“We’ve heard claims that it’s a problem that I’ve discussed trial mechanics with the White House even as my counterpart the Democratic leader is openly coordinating political strategy with the speaker, who some might call the prosecution. So it’s okay to have consultation with the prosecution, but not apparently with the defendant?”
“We can’t hold a trial without the articles,” he added, “so for now we’re content to continue the ordinary business of the Senate.”
Democrat Chuck Schumer, the Senate minority leader, responded by saying that Mr McConnell, who has styled himself the “Grim Reaper” of Democratic bills, “intends to act as an executioner of a fair trial”.
“Leader McConnell has been clear and vocal that he has no intention to be impartial in this process... Thankfully the rules of an impeachment trial will be determined by a majority of the senators in this chamber, not by the Republican leader alone,” he said.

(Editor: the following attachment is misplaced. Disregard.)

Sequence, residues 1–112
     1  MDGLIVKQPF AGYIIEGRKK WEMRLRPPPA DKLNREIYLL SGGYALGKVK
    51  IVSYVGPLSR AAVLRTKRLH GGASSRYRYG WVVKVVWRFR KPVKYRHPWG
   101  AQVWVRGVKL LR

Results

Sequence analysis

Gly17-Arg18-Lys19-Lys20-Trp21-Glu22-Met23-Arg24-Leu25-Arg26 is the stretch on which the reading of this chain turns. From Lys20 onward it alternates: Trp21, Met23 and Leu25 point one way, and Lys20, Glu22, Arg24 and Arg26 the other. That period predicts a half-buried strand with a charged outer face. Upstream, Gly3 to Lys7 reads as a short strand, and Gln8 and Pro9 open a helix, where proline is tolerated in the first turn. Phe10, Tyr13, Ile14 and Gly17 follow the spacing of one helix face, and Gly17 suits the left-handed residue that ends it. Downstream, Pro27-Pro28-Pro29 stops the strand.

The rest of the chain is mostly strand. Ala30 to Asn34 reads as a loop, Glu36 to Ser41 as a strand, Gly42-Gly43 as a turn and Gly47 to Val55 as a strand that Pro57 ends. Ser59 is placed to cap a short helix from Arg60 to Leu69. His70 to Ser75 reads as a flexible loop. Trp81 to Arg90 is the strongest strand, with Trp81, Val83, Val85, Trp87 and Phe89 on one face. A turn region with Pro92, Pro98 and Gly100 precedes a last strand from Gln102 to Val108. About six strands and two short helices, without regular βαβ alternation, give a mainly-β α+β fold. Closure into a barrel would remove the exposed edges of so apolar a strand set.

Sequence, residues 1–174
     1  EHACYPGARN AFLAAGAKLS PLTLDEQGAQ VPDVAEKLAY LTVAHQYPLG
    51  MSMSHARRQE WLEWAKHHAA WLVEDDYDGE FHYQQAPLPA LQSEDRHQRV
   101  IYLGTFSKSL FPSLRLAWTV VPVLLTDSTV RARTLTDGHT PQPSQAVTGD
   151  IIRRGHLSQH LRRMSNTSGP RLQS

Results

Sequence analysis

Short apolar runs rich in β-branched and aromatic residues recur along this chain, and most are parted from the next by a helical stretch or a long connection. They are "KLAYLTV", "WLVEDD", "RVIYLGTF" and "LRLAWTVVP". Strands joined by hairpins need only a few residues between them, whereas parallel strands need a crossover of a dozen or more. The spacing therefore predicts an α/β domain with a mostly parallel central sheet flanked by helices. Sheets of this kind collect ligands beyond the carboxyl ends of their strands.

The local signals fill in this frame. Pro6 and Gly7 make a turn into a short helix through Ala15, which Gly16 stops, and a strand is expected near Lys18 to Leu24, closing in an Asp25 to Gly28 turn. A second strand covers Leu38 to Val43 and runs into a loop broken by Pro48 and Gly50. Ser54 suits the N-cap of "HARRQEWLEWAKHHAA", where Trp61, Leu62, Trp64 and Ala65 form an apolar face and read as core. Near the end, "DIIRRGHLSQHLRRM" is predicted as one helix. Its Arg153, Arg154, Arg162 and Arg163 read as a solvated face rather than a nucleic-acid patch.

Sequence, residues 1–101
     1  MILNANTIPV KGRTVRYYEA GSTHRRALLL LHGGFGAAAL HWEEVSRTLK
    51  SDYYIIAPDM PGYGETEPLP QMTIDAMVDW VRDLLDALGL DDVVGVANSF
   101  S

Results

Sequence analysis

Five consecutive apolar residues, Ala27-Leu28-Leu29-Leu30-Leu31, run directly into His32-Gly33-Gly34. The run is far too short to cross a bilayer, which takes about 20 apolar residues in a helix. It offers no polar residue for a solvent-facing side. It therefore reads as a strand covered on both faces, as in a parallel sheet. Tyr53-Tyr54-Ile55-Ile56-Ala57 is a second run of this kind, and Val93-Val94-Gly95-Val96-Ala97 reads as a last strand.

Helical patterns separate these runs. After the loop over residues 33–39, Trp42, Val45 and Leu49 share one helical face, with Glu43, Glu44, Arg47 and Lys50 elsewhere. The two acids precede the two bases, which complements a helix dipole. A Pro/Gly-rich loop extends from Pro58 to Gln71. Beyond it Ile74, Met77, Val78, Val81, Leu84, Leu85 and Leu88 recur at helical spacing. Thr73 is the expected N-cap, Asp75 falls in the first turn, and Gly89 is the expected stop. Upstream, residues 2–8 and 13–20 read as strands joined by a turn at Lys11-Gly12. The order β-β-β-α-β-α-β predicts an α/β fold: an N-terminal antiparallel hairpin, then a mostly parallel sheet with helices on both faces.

Mr Schumer then appeared on ABC’s This Week on Sunday and told host George Stephanopoulos he hoped four Republican senators would join the Democratic cause and push for a “fairer” format as Mr Trump’s future in the Oval Office is placed up for debate.
“If the president is acquitted through a sham trial, through a mock trial, where there are no witnesses, where everything is covered up, that will not stand him well with the American people and it will not stand the Republicans with the American people,” the New York Democrat said.
“Where but in Alice and Wonderland do we hear all the arguments and then maybe have the evidence, the witnesses, and the trial?” he asked.
In any final vote in the Senate, the Democrats would ultimately need at least 20 Republicans to agree with the prosecution’s case to secure the 67 needed to secure the president’s removal from office, but those four defections in the meantime would be enough to secure key procedural wins, empowering the opposition to call witnesses and demand documents of interest.